Parents Against Injustice
Imagine you are about to face an eight-day High Court hearing at which you will fight for what is easily the most important thing in your life. You are an intelligent woman, holding down a responsible job requiring extensive knowledge of the law – which you somehow manage to combine with devotedly looking after two small children.
Shortly before the hearing, you go to meet for the first time the barrister who has been chosen to represent you. You are astonished to be told that the barrister has spoken at length to the other side in the case and read through all their evidence, but not looked at your own, even though this factually corrects almost every point alleged against you. On this basis, without having met you, the barrister has diagnosed you as suffering from a psychological condition known as “querulous paranoia”, and says that you are not “mentally competent” to instruct her. She will therefore, in seeming contravention of the rule that barristers “must at all times protect and promote fearlessly” their “client’s best interests”, disregard anything you wish her to argue in court.
Having already represented yourself three times in front of judges, and won each time, you tell her that you do not wish to be represented by someone who proposes, in effect, to argue for the other side. At very short notice, you arrange to be examined by an eminent psychologist, with long experience as an expert court witness, who, after testing you for some hours, finds you to be entirely rational and competent. You lodge the correct papers with the court to say that you have “dis-instructed” your lawyers and wish to represent yourself.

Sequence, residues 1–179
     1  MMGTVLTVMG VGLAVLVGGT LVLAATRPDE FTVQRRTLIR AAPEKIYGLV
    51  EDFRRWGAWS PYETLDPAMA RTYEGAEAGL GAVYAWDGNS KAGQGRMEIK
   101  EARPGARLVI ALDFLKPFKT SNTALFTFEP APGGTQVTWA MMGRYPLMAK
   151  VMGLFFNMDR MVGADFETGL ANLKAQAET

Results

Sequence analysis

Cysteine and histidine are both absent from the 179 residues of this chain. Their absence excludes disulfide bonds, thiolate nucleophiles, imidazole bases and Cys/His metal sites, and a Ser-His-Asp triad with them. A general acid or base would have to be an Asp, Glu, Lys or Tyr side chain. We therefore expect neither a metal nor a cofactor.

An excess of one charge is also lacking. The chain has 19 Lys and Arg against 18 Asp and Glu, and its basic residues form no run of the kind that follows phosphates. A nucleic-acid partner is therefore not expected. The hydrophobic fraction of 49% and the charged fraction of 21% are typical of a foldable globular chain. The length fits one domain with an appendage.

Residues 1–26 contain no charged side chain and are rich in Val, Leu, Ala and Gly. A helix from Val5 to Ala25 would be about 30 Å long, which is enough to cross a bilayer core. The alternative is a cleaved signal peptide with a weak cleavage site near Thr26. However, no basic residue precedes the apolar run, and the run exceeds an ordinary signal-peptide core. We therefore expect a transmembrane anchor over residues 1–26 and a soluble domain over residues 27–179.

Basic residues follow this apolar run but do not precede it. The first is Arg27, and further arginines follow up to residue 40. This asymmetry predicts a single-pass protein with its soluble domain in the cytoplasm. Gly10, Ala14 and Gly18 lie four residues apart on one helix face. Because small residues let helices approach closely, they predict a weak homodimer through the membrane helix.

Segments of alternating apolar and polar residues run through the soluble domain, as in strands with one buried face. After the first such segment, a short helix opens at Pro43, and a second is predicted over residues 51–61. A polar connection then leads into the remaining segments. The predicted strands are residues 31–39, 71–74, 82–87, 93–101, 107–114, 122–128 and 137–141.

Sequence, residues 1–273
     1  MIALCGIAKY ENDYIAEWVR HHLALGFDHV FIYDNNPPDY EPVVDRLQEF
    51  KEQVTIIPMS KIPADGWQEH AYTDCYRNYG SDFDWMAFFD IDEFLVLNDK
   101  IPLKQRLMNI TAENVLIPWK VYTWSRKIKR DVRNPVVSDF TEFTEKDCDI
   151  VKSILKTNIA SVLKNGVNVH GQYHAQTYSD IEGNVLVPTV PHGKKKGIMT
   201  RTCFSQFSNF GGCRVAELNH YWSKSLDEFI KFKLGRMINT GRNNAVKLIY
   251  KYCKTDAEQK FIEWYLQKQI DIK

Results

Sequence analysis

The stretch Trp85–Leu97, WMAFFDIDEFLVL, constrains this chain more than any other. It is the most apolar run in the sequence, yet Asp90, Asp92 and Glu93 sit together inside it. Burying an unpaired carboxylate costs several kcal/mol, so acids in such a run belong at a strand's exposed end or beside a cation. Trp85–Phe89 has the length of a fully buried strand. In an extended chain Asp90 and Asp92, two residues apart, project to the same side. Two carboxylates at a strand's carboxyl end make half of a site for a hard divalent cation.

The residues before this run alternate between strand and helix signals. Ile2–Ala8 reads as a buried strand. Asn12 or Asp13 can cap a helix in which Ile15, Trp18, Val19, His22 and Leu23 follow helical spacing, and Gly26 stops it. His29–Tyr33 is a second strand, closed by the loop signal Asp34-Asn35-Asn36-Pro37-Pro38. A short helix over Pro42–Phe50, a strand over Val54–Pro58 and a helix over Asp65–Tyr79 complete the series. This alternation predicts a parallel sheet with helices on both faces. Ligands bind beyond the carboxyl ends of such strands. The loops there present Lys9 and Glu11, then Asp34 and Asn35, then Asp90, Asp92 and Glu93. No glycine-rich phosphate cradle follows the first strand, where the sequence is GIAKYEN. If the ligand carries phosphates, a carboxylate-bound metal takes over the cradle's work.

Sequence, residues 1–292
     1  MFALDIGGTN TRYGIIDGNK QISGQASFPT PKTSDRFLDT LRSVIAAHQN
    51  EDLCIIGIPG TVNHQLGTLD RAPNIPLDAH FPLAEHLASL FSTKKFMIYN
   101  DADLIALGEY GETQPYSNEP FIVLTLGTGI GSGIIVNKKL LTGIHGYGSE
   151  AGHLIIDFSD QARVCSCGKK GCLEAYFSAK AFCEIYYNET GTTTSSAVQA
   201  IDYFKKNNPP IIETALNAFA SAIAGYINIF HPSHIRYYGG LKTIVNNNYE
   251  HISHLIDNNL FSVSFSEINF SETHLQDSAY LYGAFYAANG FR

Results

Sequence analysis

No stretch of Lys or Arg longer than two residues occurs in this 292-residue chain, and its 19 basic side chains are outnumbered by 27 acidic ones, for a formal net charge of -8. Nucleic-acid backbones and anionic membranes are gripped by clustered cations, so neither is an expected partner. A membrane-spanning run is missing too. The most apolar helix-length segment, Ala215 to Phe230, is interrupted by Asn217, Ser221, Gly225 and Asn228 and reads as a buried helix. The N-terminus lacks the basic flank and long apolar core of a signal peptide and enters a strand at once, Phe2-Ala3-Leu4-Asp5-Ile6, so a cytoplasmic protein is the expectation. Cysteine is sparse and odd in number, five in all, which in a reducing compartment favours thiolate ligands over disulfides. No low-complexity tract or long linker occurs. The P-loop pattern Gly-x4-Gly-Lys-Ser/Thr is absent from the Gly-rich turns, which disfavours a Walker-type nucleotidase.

The court staff agree with your lawyers that you cannot do this, even though you have found case law which states that where someone’s “mental capacity” has been called in to question, they must have the right to challenge this before a court “unfiltered by the discretion of public officials”.
In three years of reporting on the Kafkaesque world of our family courts, I have come across many extraordinary stories, but few more peculiar than this. The last time I wrote about the ordeal this mother has been subjected to by social workers for three years, it was to report on how, appearing for herself, she had persuaded a judge to lift a Prohibited Steps Order, imposed by another judge at the urging of social workers, which prohibited her from moving from her home, in a way which made it impossible for her to work. (Twice she lost highly paid jobs due to other bizarre demands made on her by the same social workers.) She was thus free to move with her children to be near another job, which pays her £350 a day.
The social workers where she now lives say they have no concerns over her competence as a mother and asked to take over her case. But the original social workers refused, continuing to impose demands with which she has, with difficulty, complied because she doesn’t want to give them any excuse to remove her children. Her solicitors, having agreed to a court hearing at the one time in a week when she had said she was unable to attend, wrongly informed the court that she planned to move to Scotland. The same lawyers then retained the barrister, from a chambers which specialises in representing local authorities, whom she is now told she has no right to “dis-instruct”, even though she had never instructed her in the first place. When this mother finally appears before the judge, it must be hoped he will give her every opportunity to put her side of this extraordinary story.
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